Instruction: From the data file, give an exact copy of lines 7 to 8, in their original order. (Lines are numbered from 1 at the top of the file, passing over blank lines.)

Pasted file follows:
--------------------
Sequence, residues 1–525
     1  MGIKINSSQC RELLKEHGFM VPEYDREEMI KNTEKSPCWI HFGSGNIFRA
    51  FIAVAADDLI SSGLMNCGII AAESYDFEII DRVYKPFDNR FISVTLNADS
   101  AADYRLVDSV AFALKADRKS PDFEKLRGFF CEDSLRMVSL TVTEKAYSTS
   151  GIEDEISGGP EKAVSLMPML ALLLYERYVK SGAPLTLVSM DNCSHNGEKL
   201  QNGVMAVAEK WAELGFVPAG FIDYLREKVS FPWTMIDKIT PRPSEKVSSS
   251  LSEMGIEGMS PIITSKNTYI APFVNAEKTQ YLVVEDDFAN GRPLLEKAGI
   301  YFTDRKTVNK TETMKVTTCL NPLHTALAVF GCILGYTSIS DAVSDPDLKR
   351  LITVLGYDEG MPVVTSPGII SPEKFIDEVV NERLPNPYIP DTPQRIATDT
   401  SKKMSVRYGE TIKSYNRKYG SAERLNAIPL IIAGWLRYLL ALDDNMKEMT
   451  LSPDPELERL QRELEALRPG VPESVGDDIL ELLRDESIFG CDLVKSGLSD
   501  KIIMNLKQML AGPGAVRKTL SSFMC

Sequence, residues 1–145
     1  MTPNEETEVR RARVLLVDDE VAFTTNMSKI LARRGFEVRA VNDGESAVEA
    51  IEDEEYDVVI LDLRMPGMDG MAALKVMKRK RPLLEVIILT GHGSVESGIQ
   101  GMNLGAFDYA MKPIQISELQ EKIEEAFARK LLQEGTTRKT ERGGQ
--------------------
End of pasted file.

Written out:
   251  LSEMGIEGMS PIITSKNTYI APFVNAEKTQ YLVVEDDFAN GRPLLEKAGI
   301  YFTDRKTVNK TETMKVTTCL NPLHTALAVF GCILGYTSIS DAVSDPDLKR